Raul Disses Hugo

Are we seeing the first indications that a Raul Castro-led Cuba will want warmer relations with the US? Yesterday, Brazil’s Folha de Sao Paulo reported that Raul thanked Hugo Chavez for assisting Cuba, but thinks that US-friendly Brazil makes a better dance partner for the future (via Brian Faughnan):

The newspaper reports that during the January Brazilian presidential visit to Havana, Raul Castro praised Venezuelan leader Hugo Chavez for having helped Cuba “in a particularly tough moment of the ongoing confrontation with the United States George W Bush administration”.
Nevertheless Fidel Castro brother is quoted saying that Brazil “is a far more convenient associate than Venezuela’s Chavez”, for the transition period. ….
“In the words of one of the ministers, Brazil is one of few countries in the world capable of having a dialogue with the Cuban regime, with Chavez and with the US government”. Besides “he’s far more useful for that purpose than the conflicting Chavez who is at loggerheads with United States and Colombia”.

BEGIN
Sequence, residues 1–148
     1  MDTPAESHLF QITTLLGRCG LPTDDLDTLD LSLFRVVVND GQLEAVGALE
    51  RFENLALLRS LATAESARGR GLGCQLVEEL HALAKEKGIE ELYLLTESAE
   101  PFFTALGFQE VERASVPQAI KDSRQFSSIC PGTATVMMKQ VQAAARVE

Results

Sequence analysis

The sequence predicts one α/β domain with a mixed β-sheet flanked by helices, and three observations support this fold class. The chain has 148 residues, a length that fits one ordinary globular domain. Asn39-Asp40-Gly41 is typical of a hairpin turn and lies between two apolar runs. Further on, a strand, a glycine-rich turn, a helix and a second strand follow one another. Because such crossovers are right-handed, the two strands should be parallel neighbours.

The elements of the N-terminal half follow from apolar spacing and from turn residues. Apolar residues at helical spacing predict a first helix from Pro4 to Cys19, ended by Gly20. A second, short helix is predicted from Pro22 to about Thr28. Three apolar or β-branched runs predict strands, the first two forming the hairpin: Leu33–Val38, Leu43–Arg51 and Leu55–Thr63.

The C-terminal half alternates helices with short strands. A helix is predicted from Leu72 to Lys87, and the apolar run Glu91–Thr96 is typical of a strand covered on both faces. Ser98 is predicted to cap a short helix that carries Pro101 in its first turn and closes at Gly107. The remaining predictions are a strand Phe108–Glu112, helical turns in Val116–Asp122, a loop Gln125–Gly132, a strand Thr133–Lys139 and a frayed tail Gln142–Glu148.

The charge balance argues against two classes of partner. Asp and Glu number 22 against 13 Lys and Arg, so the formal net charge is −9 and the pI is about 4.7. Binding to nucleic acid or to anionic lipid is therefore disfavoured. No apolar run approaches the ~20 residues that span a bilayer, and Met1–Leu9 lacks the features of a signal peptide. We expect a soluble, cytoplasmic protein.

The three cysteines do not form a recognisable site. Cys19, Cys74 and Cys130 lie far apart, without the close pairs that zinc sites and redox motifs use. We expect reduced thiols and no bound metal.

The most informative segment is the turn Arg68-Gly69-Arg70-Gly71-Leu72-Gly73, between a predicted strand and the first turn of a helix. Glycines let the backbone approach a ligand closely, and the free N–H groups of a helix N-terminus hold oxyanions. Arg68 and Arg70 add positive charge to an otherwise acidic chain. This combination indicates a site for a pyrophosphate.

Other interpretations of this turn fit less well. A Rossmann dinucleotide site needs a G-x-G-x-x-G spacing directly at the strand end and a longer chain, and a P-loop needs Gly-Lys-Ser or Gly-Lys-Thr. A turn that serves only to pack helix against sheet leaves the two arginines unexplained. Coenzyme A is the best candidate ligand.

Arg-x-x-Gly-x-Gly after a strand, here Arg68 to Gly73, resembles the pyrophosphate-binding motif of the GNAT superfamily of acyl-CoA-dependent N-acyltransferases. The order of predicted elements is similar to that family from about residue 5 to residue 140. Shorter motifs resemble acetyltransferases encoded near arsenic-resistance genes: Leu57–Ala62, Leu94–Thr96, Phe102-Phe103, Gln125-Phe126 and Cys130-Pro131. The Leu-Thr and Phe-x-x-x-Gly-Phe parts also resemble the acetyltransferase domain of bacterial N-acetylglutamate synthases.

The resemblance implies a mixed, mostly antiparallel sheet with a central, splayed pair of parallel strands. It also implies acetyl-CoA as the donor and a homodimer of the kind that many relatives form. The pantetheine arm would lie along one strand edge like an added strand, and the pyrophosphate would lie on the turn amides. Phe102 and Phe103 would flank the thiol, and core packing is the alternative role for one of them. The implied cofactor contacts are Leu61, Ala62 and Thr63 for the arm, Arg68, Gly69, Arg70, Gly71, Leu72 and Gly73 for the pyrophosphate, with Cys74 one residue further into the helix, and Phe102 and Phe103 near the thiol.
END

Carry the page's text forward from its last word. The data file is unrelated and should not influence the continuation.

Raul reached out specifically to Brazil and Lula da Silva because of da Silva’s influence in the US. He wants Brazil’s assistance in easing the embargo, which the Bush administration tightened after Cuba jailed dozens of journalists and dissidents. Raul understands that Chavez’ clowning at the UN and in Venezuela makes it more difficult to improve Cuba’s economic situation.
Brazil made it clear that their help comes with strings attached. Da Silva insisted that Raul would have to start releasing dissidents from prison and show large improvements in human rights. Economically, Cuba would have to rethink its hard-line communist policies. The Brazilian leader told Raul that even a Chinese model of economic liberalization with iron-fisted political rule would not be enough. Raul would have to reform both economics and government — and Raul still prefers da Silva to Chavez.
Could this be a gesture to the Bush administration? As I wrote earlier, the retirement of Fidel Castro gives the US a window to adapt a 49-year failing policy of embargo with something that could increase our influence to see some real change in Cuban rule. Raul would only make those changes grudgingly, but if we can build our influence in Cuba, we could help direct the next generation of leaders there much more than if we remain adamant about demanding a counter-revolution first. Da Silva could serve as a conduit — and that could help us marginalize Hugo Chavez in Latin America as well.